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How small business can afford digital payment technology

With more and more spending carried out digitally, small businesses can’t afford not to accept digital payments. But a significant number of these firms still don’t have the technology. Cost is a factor and alternative finance can help them afford the investment.

According to new research from payments provide Square, 40% of micro businesses in the UK do not accept card payment, despite the fact that this is the preferred method of payment for nearly 50% of shoppers. The potential for lost sales is clear and given the current market climate, the impact of these losses could be catastrophic.

It is essential that micro firms and the small business sector in general keeps pace with the rapid digitalisation of payment systems and customer shopping habits, not least given the pace of innovation in this area. For example, NatWest launched the first biometric fingerprint card issued by a UK bank earlier this year, while the pay-with-your-finger payment system, Fingopay, is currently being trialled in various markets.

Furthermore, the use of QR codes and mobile payment continues to grow in popularity, with Apple Pay, Google Pay and Samsung Pay digital wallet technology revolutionising how consumers spend their money. Going further into the online payment world, small businesses also need to consider PayPal and similar payment systems that more and more people are using, such as TransferWise, Checkout and Payoneer.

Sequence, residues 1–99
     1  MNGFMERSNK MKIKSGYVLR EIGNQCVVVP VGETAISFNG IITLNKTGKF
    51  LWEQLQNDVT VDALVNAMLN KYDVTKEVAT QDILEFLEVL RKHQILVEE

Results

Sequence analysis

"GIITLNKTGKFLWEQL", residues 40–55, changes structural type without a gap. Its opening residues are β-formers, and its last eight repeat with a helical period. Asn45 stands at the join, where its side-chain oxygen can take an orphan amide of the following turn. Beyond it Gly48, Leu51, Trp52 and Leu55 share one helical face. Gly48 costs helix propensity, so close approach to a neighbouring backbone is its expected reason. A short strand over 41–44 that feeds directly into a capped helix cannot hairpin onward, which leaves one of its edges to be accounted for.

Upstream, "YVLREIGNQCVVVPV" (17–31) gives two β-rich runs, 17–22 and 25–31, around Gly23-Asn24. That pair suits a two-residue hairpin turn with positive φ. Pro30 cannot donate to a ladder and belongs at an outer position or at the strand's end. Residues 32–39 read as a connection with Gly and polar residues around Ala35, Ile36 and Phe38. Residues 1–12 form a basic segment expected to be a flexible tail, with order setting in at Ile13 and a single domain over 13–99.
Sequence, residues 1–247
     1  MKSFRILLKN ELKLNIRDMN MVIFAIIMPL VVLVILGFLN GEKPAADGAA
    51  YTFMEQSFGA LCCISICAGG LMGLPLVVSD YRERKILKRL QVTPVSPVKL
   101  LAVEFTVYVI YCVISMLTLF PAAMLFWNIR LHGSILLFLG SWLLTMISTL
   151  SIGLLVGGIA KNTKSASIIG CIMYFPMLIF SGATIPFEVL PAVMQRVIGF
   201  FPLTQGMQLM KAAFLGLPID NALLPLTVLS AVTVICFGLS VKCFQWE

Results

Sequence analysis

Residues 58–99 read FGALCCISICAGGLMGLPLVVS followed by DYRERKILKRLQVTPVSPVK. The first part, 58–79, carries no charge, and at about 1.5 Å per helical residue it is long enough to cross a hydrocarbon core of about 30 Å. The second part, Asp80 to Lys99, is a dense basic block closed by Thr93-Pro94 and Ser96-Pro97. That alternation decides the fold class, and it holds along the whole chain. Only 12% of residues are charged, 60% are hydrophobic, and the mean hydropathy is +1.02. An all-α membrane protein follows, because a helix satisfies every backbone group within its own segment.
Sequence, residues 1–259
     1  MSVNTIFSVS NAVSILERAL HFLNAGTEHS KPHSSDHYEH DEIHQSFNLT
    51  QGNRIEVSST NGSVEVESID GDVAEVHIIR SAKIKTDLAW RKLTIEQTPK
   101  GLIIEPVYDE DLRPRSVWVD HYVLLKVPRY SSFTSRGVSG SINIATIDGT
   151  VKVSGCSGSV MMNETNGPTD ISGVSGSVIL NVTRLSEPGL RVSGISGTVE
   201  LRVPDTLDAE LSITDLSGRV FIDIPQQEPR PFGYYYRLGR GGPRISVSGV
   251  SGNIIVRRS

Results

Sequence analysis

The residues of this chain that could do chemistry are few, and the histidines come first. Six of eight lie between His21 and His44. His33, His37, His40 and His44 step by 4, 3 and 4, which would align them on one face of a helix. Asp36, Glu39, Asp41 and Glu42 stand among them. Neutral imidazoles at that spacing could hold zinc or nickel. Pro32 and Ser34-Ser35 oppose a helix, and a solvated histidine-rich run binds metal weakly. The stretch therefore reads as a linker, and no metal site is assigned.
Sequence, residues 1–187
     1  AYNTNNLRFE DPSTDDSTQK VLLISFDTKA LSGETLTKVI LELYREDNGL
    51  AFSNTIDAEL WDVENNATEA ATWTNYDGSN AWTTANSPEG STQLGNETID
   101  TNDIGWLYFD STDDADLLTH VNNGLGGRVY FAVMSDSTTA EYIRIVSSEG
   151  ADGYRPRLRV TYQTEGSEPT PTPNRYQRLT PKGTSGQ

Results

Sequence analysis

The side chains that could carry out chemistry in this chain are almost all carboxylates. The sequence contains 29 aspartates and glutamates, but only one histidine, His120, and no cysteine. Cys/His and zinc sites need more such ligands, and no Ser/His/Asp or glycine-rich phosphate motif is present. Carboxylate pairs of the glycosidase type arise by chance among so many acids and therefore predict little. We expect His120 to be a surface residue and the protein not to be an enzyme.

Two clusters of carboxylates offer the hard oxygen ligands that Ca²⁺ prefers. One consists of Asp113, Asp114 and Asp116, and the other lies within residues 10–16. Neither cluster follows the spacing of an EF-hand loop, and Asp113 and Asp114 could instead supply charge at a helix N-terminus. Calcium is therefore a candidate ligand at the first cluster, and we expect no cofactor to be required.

So, what is stopping small businesses from investing in digital payment technology?

A major barrier is cost. Tellingly, the study from Square also found that micro-business owners are twice as likely to have a loan application rejected compared with other SMEs. Indeed, research from Funding Options shows that accessing capital is a much wider problem in the SME sector.

There is where alternative finance can help.

In the wake of prolonged caution from traditional lenders, a position that Brexit has helped to entrench, alternative finance facilities such as invoice finance, asset finance, peer-to-peer lending and crowdfunding are providing small businesses with access to capital for vital investment, including in digital payment systems.

This is how a Sussex small business used peer-to-peer lending, through a commercial finance broker that specialises in alternative finance, to raise the capital to invest in new equipment.

The move towards a cashless society continues apace. While it might not happen in the UK as soon as it is expected to elsewhere, such as in Sweden, where cash will no longer be accepted after March 2023, the transition is well under way.

For small businesses to survive and grow, they need to offer digital payment platforms and to afford this technology, small business owners need to be aware of all the funding options available to them, including alternative finance.

To find out more about A&T Business Associates services, contact Steve Bowles on 01903 602211 or steve.bowles@atbusinessassociates.co.uk.

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